“She was one of those people who was born for the greatness of a single love, for exaggerated hatred, for apocalyptic vengeance, and for the most sublime forms of heroism but she was unable to shape her fate to the dimensions of her amorous vocation, so it was lived out as something flat and gray trapped between her mother’s sickroom walls, wretched tenements, and the tortured confessions with which this large, opulent, hot-blooded woman made for maternity, abundance, action, and ardor was consuming herself.”

‘The House of the Spirits’ is a story of true complexity (if this wasn’t already highlighted to you by the obscurity of my plot summary). It is a family saga of epic proportions, detailing not only the lives of the three Trueba generations, but doing so in a manner that explores themes of class-conflict and the cycle of violence. It provides a social narrative from personal perspective. Allende’s skill undoubtedly lies in her ability to detail historical reality in a manner that makes the reader invested in its outcome. As a student of politics and human rights, it will come as no surprise that this historical and political dimension is one that appeals to me enormously. While the anonymity that Allende applies to the places and key historical figures means that you could read this novel without appreciating the historical nature of the book, missing this theme would be to miss Allende’s motivation. As the granddaughter of Salvador Allende (the socialist president of Chile deposed by the military coup depicted in the plot), Isabel Allende has written ‘The House of the Spirits’ as a fundamentally political novel. But it is not political in the sense of affiliation, promoting a choice between socialism and liberalism. Rather, the political point is one of sympathy and solidarity. It is a point about what social conflict can do to a country – where a break-down of understanding between people can lead to a situation in which common humanity is forgotten.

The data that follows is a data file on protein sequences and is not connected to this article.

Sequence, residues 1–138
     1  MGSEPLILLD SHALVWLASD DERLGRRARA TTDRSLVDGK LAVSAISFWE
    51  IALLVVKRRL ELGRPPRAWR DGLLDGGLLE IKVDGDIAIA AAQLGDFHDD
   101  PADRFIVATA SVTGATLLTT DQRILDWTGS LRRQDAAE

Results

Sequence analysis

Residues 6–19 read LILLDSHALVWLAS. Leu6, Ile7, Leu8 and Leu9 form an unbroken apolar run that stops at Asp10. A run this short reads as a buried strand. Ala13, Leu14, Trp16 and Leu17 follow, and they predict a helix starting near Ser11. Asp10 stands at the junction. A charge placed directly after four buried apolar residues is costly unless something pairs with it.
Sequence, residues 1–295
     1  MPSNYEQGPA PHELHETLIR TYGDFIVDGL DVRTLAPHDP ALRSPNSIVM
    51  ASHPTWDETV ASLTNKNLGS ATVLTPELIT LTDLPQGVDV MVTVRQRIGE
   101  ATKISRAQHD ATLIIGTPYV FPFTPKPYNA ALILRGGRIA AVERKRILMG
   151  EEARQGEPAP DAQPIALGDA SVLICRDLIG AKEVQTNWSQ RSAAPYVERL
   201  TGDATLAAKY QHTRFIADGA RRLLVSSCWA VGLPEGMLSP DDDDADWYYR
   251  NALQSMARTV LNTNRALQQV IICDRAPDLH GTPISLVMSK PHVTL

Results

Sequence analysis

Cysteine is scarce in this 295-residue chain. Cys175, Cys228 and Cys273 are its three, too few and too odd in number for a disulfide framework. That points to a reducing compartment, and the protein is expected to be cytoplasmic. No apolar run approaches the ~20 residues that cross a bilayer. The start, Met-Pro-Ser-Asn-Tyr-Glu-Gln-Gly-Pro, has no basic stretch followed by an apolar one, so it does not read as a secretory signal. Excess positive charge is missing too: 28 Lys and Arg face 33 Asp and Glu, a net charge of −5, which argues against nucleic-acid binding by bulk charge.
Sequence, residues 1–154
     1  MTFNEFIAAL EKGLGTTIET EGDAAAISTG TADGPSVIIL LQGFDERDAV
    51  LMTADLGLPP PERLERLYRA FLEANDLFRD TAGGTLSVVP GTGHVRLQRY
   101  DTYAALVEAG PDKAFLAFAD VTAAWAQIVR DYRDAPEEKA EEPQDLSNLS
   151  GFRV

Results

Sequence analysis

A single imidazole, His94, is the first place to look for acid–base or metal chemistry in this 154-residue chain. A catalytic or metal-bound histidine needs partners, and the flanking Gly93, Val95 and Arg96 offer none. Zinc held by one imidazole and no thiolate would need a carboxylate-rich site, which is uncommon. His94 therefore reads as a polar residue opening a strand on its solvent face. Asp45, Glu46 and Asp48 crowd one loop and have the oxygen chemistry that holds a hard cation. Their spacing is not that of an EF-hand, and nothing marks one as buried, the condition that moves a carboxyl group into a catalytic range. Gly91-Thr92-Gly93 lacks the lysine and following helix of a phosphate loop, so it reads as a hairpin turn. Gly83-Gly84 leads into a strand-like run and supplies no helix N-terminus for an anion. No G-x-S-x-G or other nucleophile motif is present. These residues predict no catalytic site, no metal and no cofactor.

If you choose to pick up this book, you will be faced with a story of terror and fear, redemption and reconciliation. You will feel, after finishing the final pages, that you know the Trueba family as well as any other. Because they, like your own family, will make you laugh, think, despair, and grieve. This is a book that I have re-read on numerous occasions, and I find myself constantly surprised by the strength of my reaction to it. Whoever you are and whatever your situation in life when you read this book, I can promise you that it is one you will remember.